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Southern Historical Society Papers, Volume 9. (ed. Reverend J. William Jones) 7 1 Browse Search
The Daily Dispatch: March 3, 1862., [Electronic resource] 4 0 Browse Search
The Daily Dispatch: March 12, 1862., [Electronic resource] 2 0 Browse Search
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Southern Historical Society Papers, Volume 9. (ed. Reverend J. William Jones), Report of General M. P. Lowry of battle of Taylor's Ridge. (search)
kins's Sharp-Shooters, and the Thirty-second and Forty-fifth regiment, I commanded--By company into line, and deployed the column on the Tenth company, continuing the movement to the front with all possible rapidity. At the same time I sent Lieutenant Hall, my aid-de-camp, to bring up the next regiment in the same manner, and I went with the first to their important work, and nobly did they perform it. Our spirited fire, the sight of reinforcements, and a terrific Rebel yell, combined to strik which was done in good order. The whole command behaved with great gallantry, and inflicted a heavy loss upon the enemy. My loss was slight, but four killed and thirty-five wounded. My staff officers present, Captain J. P. Walker and Lieutenant A. P. Hall, rendered me great assistance in this expeditious movement, by their promptness and great gallantry. I was deprived of the valuable services of Captain O. S. Palmer, until near the close of the engagement, he being with the Sixteenth Ala
Southern Historical Society Papers, Volume 9. (ed. Reverend J. William Jones), Reminiscences of the army of Northern Virginia. (search)
will not here relate. The next day we were marched to Fairfax Station, and held the advance at that point, picketing on the outposts, and having not a few stirring skirmishes with the enemy. I might fill pages with the details of this outpost service; but I recall only a few incidents. In the latter part of July, or the first of August, Stuart, with five companies of the First Maryland and five of the Thirteenth Virginia, and several companies of cavalry, captured Mason's, Munson's and Hall's hills, from which we could plainly see the dome of the Capitol at Washington. The day we captured Munson's hill, Major Terrill was sent with a detachment of the Thirteenth on a scout, during which we drove in the enemy's pickets, ate their smoking dinner, and pursued them back until they rallied on their reserve, and our gallant Major thought it would not be prudent to advance further. Accordingly we were moving back to our reserve when we met Stuart. What is the matter? I hope you are
Southern Historical Society Papers, Volume 9. (ed. Reverend J. William Jones), History of Lane's North Carolina brigade. (search)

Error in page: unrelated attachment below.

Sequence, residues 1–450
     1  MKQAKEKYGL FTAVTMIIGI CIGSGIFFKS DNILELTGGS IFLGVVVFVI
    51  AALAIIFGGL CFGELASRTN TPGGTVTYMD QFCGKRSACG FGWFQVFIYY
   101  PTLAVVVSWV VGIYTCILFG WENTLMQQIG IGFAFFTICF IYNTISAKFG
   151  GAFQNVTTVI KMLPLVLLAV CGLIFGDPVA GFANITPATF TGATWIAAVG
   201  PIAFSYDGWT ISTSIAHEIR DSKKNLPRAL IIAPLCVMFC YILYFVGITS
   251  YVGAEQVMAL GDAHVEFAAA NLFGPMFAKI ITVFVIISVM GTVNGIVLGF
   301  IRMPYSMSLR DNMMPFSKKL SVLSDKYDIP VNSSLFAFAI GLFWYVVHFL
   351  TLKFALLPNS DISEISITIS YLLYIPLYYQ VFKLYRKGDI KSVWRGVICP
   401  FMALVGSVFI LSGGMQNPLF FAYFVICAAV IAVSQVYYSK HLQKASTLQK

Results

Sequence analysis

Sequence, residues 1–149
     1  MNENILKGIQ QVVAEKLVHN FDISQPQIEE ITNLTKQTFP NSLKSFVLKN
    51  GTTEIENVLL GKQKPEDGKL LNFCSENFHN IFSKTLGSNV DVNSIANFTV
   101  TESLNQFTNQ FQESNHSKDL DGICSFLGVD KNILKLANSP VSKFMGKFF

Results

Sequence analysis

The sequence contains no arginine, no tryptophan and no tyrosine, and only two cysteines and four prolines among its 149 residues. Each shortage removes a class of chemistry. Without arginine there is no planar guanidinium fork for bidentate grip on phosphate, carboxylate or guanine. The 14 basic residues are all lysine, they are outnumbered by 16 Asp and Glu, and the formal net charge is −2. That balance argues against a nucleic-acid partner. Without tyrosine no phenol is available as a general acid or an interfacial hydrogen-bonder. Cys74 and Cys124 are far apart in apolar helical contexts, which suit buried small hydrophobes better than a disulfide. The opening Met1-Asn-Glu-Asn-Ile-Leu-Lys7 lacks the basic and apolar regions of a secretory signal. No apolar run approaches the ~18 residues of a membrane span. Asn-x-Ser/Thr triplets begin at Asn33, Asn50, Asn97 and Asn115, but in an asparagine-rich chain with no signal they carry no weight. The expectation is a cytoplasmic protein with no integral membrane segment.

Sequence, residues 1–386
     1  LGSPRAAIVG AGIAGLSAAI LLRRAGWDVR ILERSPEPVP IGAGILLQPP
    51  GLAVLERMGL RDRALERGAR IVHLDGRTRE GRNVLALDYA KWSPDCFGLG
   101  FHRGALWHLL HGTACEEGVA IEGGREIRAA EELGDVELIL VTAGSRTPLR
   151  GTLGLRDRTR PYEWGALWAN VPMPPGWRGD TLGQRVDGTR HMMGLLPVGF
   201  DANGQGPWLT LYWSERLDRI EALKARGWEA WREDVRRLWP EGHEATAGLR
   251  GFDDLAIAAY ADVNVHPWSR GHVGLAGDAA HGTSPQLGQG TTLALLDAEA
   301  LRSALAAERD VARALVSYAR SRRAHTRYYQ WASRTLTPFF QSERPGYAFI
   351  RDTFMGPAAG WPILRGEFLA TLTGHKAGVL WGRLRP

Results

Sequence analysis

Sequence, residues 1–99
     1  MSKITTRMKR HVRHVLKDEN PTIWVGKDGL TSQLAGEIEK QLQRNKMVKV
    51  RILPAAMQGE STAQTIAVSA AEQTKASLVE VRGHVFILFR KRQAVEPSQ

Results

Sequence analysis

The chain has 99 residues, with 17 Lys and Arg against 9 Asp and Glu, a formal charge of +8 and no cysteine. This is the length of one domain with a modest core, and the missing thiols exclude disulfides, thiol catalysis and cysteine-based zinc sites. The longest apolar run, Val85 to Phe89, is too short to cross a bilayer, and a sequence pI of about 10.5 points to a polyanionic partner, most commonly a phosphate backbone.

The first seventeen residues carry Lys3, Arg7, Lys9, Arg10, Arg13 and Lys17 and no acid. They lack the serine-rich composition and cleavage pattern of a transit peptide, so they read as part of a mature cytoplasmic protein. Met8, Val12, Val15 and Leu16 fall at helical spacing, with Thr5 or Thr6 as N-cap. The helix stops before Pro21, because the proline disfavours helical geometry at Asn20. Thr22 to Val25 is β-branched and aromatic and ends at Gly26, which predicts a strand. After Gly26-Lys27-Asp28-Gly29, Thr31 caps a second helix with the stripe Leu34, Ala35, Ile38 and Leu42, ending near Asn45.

thrown forward, advanced upon the enemy at Jericho Ford in the following order, from right to left: Eighteenth, Thirty-seventh, Thirty-third, and Twenty-eighth. We soon drove in the enemy's skirmishers and, after advancing about four hundred yards into the woods in our front, we became actively engaged with their main line of battle, posted on a commanding ridge, when a portion of the troops on our left gave way. I at once apprised General Wilcox of the fact through my Adjutant-General, Captain Hall. The General replied that it was not so, and ordered me to push on. We were then in advance of McGowan's brigade. Soon after this order was received the Thirty-seventh North Carolina regiment, of my own command, broke and ran back. I then ordered the other three regiments back to the edge of the woods, where the Thirty-seventh was being rallied, as my line was broken, and there was no one on my left. Having reformed the line, in obedience to orders from General Wilcox, I again advance
the course of the President of the United States in bringing on the war, and his opinion that the South never could be subjugated. It was hoped that this fixed his position, and that he was Virginian enough at least to take no part against us. Mr. Stearns is a Northern man, but has resided here for very many years. He was a Union man, but, the war being commenced, he took sides actively with the South, and subscribed liberally to arm and equip our soldiers — some say as much as $10,000. If he has now turned against us, his position is doubly treacherous. He is the well-known principal partner in the great whiskey-manufacturing firm of this city. What the grounds of the proceeding are is not known, but it is to be inferred that the Government would not take such action upon a slight pretext. The parties named above are confined in the new brick building on the extension of Fifteenth street, on the right-hand side, beyond the auction house of Messrs. Dickinson & Hall.
Congressional. In the Senate, on Saturday, but little was done in open session, hardly enough of importance to warrant giving the proceedings tu extense A. P. Hall and J. J. Pettigrew both of North Carolina, were confirmed as Brigadier-Generals. Resolutions were adopted unanimously declaring that, until the enemy be expelled from the Confederacy, no peace propositions, excluding any portion of our soil, shall be entertained. In the House, Mr. Mills, chairman of the Military Committee, reported a bill appointing an officer Commanding-General of the Confederate Army during the war. It is believed the bill will pass. The House soon went into secret session.
The Daily Dispatch: March 12, 1862., [Electronic resource], The Yankee Programme in North Carolina. (search)
General Hill. A few days ago, in the list of confirmations Brigadier Generals, by the Senate, the name of A. P. Hall was given. This was It should have been Col. Ambrose Hill. of the 13th Virginia regiment. Gen Hill is a native of Culpeper county. and a graduate of West Point. Having reigned his commission some time before war, he offered his services to the Governor, and was sent to Parkersburg He has since been in the service of the State.